Our Closest Earthlike Planet Appears to Be Covered in Water
Oceans on Proxima b could harbor life.
Jupiter's moon Europa recently became the best candidate yet for harboring alien life within our Solar System. But in the search for life outside of our cosmic backyard, an Earth-sized, newly-discovered rocky exoplanet has scientists woozy: They've concluded that the planet may in fact be covered in oceans of liquid water—water that could contain life.
In a study to be published in The Astrophysical Journal Letters, an international team led by researchers at the Marseille Astrophysics Laboratory (CNRS / Aix-Marseille Université) determined that the dimensions and properties of the surface of Proxima b "actually favor its habitability."
The researchers determined that the planet could be an "ocean planet with an ocean covering its entire surface," with water similar to that detected on the icy moons around Jupiter and Saturn such as Europa and Enceladus.
"The planet may very well host liquid water on its surface, and therefore also some forms of life," the researchers said, as cited by Agence Presse France.
"It is likely to harbor liquid water at its surface and therefore to harbor life forms"
Proxima b was discovered in August orbiting the star Proxima Centauri, 4.2 light years away from Earth. The planet is around 1.3 times the size of Earth, but orbits at a distance of 4.6 million miles from its sun, a tenth of the distance that our own Solar System's Mercury orbits at from our Sun.
For this reason, some scientists suggested that the planet would be too hot for liquid water, as its distance from Proxima Centauri would leave its oceans "tidally locked" and facing the star—left to heat up to uninhabitable temperatures or even boil off. But the researchers at CNRS have rebutted that idea, for now.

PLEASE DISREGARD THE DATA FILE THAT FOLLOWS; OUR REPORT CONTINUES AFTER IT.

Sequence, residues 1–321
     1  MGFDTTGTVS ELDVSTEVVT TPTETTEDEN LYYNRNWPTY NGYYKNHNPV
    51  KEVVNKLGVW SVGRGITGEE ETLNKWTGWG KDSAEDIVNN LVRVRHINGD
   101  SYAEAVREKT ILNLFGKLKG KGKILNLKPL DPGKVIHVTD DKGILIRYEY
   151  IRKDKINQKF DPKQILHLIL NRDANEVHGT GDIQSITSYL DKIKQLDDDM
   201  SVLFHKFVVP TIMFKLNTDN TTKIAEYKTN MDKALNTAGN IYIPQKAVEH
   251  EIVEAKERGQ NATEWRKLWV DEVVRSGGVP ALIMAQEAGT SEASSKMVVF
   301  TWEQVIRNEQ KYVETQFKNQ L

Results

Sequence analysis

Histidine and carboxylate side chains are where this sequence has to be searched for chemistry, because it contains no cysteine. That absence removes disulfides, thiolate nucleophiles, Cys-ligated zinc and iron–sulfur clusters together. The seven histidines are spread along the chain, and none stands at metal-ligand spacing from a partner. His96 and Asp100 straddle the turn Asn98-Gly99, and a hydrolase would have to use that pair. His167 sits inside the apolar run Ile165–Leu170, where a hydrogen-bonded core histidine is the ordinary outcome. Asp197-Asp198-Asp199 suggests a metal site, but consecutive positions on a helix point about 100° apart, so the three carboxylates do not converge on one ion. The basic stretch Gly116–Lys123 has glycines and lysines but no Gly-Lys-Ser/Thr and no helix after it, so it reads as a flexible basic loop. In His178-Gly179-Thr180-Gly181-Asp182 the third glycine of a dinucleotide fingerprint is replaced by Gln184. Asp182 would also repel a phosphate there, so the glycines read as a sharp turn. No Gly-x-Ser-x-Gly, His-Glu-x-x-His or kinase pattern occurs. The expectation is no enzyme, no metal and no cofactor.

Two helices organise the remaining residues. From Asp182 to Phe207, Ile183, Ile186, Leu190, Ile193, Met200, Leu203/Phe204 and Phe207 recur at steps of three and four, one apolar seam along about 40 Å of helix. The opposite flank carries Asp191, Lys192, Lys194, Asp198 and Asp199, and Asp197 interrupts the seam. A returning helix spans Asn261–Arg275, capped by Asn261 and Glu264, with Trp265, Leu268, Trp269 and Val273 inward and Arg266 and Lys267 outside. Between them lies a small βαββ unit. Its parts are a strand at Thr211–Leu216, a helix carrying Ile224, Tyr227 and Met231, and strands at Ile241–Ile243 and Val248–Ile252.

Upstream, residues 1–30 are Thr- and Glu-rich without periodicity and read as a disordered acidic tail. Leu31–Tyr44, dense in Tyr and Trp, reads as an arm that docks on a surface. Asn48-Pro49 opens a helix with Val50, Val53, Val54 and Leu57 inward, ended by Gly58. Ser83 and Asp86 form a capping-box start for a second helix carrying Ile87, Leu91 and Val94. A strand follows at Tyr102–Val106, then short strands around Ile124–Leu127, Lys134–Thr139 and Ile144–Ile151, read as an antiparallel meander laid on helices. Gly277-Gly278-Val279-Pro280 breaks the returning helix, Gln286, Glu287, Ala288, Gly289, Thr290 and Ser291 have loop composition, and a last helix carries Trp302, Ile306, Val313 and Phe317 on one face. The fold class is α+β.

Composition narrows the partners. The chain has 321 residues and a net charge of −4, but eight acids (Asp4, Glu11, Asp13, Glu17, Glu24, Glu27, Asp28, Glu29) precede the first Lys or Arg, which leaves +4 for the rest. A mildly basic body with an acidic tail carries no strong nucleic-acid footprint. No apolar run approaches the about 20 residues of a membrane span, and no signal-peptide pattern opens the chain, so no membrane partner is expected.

"Contrary to what one might expect, such proximity does not necessarily mean that Proxima b's surface is too hot for water to exist in liquid form," said the research team in a statement.
Proxima Centauri is about 12 percent the mass of our own Sun, and much dimmer. Hence, the habitable zone is shifted towards the star, meaning Proxima b could be nestled right where liquid water—and life—could propagate.
"As Proxima Centauri is a red dwarf, its mass and radius correspond to only one-tenth of the Sun, and its brightness is a thousand times smaller than our star. At such a distance, [Proxima b] is therefore in the habitable zone of its star. It is likely to harbor liquid water at its surface and therefore to harbor life forms," said the researchers.
But the astrophysicists at CNRS have still not been able to accurately determine the size of Proxima b, and the conclusions about liquid oceans are based from simulations of the planet's composition and radius. Typically, when working out the size of exoplanets, scientists measure how much light they block out when passing in front of their star, from the perspective of Earth. This technique is called transit photometry, but no measureable transit has been seen yet, and there's only a 1.5 percent possibility one occurring for Proxima b, said the researchers, because of Earth's poor angle in relation to Proxima Centauri.
There is another way to estimate radius, however, by simulating the behaviour of what is thought the planet is made from. This is the method used by a team of French and American researchers at the Marseille Astrophysics Laboratory and the Department of Astronomy at Cornell University.
The scientists calculated that the radius of the planet is between 0.94 and 1.4 times that of Earth. If it's towards the lower end of that calculation, with a radius of around 6,000 kilometers, the team at CNRS said that the planet would be very dense and contain a metallic core that accounts for two-thirds of the planet's mass. This core is would be surrounded by a rocky mantle.
At a maximum radius of 8,920 kilometers, the team said that Proxima b's mass would be evenly split between a rocky center and a surrounding ocean, some 200 kilometers deep.
"In both cases, a thin, gassy atmosphere could surround the planet, like on Earth, rendering Proxima b potentially habitable," the scientists concluded.
Get six of our favorite Motherboard stories every day by signing up for our newsletter.